Bacon JL, Romano ME, Quint EH. Clinical Recommendation: Labial Adhesions. J Pediatr Adolesc Gynecol. 2015; 28:405-9.

Hoekelman Robert A, ed. Atención Primária en Pediatria, Elsevier Science, Mosby Inc., 2001;1994-5.

Pokorny SF. Prepubertal vulvovaginopathies. Obstet Gynecol Clin North Am. 1992; 19:39-58.

Tebruegge M MI, Nerminathan V. Is the topical application of oestrogen cream an effective intervention in girls suffering from labial adhesions?. Arch Dis Child. 2007; 92:268-71.

Eroglu E YM, Oktar T, Kayiran SM, Mocan H. How should we treat prepubertal labial adhesions? Retrospective comparison of topical treatments: estrogen only, betamethasone only, and combination estrogen and betamethasone. J Pediatr Adolesc Gynecol. 2011; 24:389-91.

Mayoglou L, Dulabon L, Martin-Alguacil N, Pfaff D, Schober J.Success of treatment modalities for labial fusion:a retrospective evaluation of topical and surgical treatments. J Pediatr Adolesc Gynecol 2009; 22:247-50.

Muram D. Labial adhesions in sexually abused children. JAMA. 1988;15: 259:352-3.

Gulia C, Zangari A, Briganti V, Bateni ZH, Porrello A, Piergentili R. Labia minora hypertrophy: causes, impact on women’s health, and treatment options. Int Urogynecol J. 2017;28:1453-61.

Nimkarn S GP, Yau M, New, M. 21-Hydroxylase-Deficient Congenital Adrenal Hyperplasia. 2002;26 [Updated 2016 Feb 4]. In: Adam MP, Ardinger HH, Pagon RA, et al., editors. GeneReviews® [Internet]. Seattle (WA): University of Washington, Seattle; 1993-2018.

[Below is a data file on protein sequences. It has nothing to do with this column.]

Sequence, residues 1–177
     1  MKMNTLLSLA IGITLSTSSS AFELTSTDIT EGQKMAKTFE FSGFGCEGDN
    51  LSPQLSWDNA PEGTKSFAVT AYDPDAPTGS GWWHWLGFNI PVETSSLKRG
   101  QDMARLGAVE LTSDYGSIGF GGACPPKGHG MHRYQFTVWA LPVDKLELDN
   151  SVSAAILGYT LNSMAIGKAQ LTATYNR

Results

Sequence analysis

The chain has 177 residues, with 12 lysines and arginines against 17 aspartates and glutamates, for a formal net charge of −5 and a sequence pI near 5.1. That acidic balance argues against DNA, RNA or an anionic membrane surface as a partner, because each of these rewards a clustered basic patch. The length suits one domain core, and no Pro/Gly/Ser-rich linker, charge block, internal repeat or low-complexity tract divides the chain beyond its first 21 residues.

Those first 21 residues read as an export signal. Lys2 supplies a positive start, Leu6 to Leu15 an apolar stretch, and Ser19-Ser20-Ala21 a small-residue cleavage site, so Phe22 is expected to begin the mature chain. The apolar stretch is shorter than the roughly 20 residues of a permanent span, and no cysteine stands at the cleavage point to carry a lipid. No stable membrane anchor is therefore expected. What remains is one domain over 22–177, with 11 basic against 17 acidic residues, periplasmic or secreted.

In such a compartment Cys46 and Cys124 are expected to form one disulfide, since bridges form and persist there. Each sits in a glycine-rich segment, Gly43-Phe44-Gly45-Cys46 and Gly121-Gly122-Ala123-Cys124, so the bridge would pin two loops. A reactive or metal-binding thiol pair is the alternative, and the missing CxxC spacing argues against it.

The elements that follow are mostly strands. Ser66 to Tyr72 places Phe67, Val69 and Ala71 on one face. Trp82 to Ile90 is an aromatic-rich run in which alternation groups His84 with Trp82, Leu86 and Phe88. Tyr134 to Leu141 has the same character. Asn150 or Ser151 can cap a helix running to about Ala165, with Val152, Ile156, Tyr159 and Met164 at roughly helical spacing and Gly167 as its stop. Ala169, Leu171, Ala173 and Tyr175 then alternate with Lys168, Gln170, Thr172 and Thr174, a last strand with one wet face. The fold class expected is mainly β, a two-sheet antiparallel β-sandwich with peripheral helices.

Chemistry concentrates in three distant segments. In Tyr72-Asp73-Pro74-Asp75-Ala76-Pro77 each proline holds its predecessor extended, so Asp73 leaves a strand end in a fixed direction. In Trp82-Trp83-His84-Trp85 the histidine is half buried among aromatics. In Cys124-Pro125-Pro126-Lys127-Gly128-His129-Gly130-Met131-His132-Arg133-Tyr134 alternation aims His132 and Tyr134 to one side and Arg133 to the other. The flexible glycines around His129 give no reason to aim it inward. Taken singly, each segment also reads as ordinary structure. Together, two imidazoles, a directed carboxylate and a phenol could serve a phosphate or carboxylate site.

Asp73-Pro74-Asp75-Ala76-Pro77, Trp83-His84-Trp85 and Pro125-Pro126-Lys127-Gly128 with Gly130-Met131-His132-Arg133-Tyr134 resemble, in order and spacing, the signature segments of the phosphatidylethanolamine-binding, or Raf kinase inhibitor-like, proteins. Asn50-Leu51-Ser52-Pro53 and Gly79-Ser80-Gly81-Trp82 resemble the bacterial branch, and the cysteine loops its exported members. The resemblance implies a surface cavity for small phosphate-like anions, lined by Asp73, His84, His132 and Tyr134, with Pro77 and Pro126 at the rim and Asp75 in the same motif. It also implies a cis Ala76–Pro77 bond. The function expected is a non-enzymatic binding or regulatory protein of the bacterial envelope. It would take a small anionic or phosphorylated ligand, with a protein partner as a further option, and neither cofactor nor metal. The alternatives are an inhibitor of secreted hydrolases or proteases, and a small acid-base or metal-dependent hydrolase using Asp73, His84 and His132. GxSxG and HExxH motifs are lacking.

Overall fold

Fernandez-Aristi AR, Taco-Masias A A, Montesinos-Baca L. Case report: Clitoromegaly as a consequence of Congenital Adrenal Hyperplasia. An accurate medical and surgical approach. Urology Case Reports. 2018; 18:57-9.

Caloia DV, Morris H, Rahmani MR. Congenital transverse vaginal septum: vaginal hydrosonographic diagnosis. J Ultrasound Med. 1998; 17:261-4.

Orazi C, Lucchetti MC, Schingo PM, Marchetti P, Ferro F. Herlyn-Werner-Wunderlich syndrome: uterus didelphys, blind hemivagina and ipsilateral renal agenesis. Sonographic and MR findings in 11 cases. Pediatr Radiol. 2007; 37:657-65.

Deligeoroglou E, Iavazzo C, Sofoudis C, Kalampokas T, Creatsas G. Management of hematocolpos in adolescents with transverse vaginal septum. Arch Gynecol Obstet. 2012; 285:1083.

Ferreira DM, Bezerra RO, Ortega CD, Blasbalg R, Viana PC, Menezes MR, et al. Magnetic resonance imaging of the vagina: an overview for radiologists with emphasis on clinical decision making. Radiol Bras. 2015; 48:249-59.

Grynberg M, Gervaise A, Faivre E, Deffieux X, Frydman R, Fernandez H. Treatment of twenty-two patients with complete uterine and vaginal septum. J Minim Invasive Gynecol. 2012; 19:34-9.

Gholoum S, Puligandla PS, Hui T, Su W, Quiros E, Laberge JM. Management and outcome of patients with combined vaginal septum, bifid uterus, and ipsilateral renal agenesis (Herlyn-Werner-Wunderlich syndrome). J Pediatr Surg. 2006; 41:987-92.

Halvorsen TB, Johannesen E. Fibroepithelial polyps of the vagina: are they old granulation tissue polyps?. J Clin Pathol. 1992; 45:235-40.